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Mrs Ayres sighed. 'How this house likes to catch us out, doesn't it? As if it knows all our weaknesses and is testing them, one by one . . . God, how dreadfully tired I am.

Were the strange and tragic events at Hundreds Hall caused by the ghost of a dead child, a poltergeist linked to the presence of a homesick adolescent maid, a taint of ancestral madness, the phantasm of a living person obsessed by the house (whether through wanting to possess the house, or wanting to escape from it), or by the house itself complaining of neglect? I quite like the fact that you never find out what has caused the strange events at Hundreds Hall, although the last few pages do seem to point in one direction.

Both the family and their servants realise that it is the Ayres family who are being targetted. The servants may be teased and frightened, but it is only members of the family who are harmed. 'I haven't done nothing,' she said, 'and I haven't said nothing! I don't like to think of it, anyhow. It makes me frit if I think about it when I'm downstairs on me own. It isn't my bad thing, that's what Mrs Bazeley says. If I don't go bothering him, she says, he won't come bothering me.'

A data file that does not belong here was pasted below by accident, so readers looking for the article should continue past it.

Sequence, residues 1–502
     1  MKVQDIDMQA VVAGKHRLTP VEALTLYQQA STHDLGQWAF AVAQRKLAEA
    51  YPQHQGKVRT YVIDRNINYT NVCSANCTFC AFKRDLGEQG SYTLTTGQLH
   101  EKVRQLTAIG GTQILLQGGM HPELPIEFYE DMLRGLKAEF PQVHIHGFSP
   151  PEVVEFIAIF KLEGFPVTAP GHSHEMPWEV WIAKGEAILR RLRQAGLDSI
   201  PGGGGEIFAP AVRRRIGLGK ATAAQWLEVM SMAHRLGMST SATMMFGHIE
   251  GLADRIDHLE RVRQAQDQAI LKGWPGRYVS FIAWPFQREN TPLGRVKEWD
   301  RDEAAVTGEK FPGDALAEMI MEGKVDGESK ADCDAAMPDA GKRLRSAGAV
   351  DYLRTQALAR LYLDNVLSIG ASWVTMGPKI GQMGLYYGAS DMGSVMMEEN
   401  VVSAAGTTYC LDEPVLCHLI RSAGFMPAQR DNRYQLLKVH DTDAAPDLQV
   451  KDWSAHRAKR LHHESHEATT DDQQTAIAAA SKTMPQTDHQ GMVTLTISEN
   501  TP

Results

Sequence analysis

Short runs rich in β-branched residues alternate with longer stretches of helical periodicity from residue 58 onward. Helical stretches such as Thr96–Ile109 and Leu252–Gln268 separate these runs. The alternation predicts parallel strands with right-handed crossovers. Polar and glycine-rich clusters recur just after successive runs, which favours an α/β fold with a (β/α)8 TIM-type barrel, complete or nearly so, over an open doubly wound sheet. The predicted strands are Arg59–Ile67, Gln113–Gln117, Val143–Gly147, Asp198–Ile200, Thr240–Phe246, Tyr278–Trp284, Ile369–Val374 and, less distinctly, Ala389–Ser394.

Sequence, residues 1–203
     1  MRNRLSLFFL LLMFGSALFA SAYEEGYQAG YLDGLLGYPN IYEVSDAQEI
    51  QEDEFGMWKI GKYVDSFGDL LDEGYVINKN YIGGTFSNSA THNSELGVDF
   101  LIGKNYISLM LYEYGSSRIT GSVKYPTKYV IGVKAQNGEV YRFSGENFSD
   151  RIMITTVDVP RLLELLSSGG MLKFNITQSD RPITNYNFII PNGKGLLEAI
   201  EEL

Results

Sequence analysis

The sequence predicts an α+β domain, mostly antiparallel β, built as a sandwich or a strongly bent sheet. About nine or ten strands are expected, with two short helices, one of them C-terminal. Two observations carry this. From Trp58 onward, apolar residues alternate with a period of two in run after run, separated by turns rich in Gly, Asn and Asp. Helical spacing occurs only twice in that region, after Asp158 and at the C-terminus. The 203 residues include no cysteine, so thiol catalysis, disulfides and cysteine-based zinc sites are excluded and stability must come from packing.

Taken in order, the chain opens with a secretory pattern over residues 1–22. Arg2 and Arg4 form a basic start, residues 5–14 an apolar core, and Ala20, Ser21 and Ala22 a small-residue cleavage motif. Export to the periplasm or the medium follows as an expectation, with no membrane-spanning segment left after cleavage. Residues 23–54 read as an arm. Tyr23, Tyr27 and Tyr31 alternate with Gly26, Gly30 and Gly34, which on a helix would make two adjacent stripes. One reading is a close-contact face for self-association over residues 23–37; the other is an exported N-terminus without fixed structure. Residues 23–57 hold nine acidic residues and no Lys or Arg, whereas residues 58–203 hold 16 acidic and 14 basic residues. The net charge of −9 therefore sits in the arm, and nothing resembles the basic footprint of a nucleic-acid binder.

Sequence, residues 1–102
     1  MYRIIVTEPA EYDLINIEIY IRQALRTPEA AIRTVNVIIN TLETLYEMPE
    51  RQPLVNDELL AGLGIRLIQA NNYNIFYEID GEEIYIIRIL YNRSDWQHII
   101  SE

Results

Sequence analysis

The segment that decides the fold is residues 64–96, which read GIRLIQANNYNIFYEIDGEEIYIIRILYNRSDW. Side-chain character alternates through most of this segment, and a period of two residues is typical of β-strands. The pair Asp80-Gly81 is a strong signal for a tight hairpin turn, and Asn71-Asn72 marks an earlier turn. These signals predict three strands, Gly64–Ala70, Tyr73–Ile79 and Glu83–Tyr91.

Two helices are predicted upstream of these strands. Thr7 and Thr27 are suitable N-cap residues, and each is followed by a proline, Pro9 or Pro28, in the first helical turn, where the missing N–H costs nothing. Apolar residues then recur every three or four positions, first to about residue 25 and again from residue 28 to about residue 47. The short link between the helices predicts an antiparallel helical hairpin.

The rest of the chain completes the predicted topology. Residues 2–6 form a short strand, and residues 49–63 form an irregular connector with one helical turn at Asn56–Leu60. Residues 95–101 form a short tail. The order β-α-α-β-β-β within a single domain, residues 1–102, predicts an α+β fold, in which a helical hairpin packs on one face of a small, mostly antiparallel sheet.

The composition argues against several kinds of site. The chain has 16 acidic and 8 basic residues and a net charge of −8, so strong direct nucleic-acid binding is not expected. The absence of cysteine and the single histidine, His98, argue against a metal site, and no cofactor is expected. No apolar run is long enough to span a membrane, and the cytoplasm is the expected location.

I found Doctor Faraday quite creepy. He worms his way into the household, and seems not to see how much of a burden the decrepit house is to the Ayres family. Or rather, he does not want to see it, and no matter how many times they mention it, he brushes their worries aside. I noticed that it is shortly after he hears that Rod may possibly stop him from using the short-cut across the park, that Faraday started to push for Rod being committed, either voluntarily or against his will. Rod has to be got rid of because he is the one who keeps reminding his mother and sister of Faraday's social inferiority, and I don;t think he would ever have countenanced Faraday courting his sister. So I am leaning towards the trigger being the arrival of Doctor Faraday; maybe his obsessions did lead to the creation of a phantasm, but maybe he gave events the odd push himself, either consciously or not.

Although it is hard to tell Faraday's real motivation because he is the one telling the story, and no doubt twisting it to put himself in a better light, I don't think he loves Caroline at all. I think that in order to raise his social status and get his hands on Hundreds Hall, he is willing to put up with her plain looks, but only as long as she conducts herself as a member of the landed gentry should. He seems to actively hate her whenever he sees her covered in dirt doing housework like a maid, His obsession with the decaying house that is in reality a millstone round the Ayres' neck is senseless. It is not as if he is 'new money' riding to the rescue, like Caroline's ugly but extremely wealthy great-grandmother; he is a struggling doctor from working-class roots, who doesn't even own his own house. With him as head of the family and refusing obdurately to sell up, Hundreds Hall would have continued to fall apart, eating up the family's remaining capital and leaving them with nothing.

But he still got what he wanted in the end.


kittiwake: (Default)

June 2012

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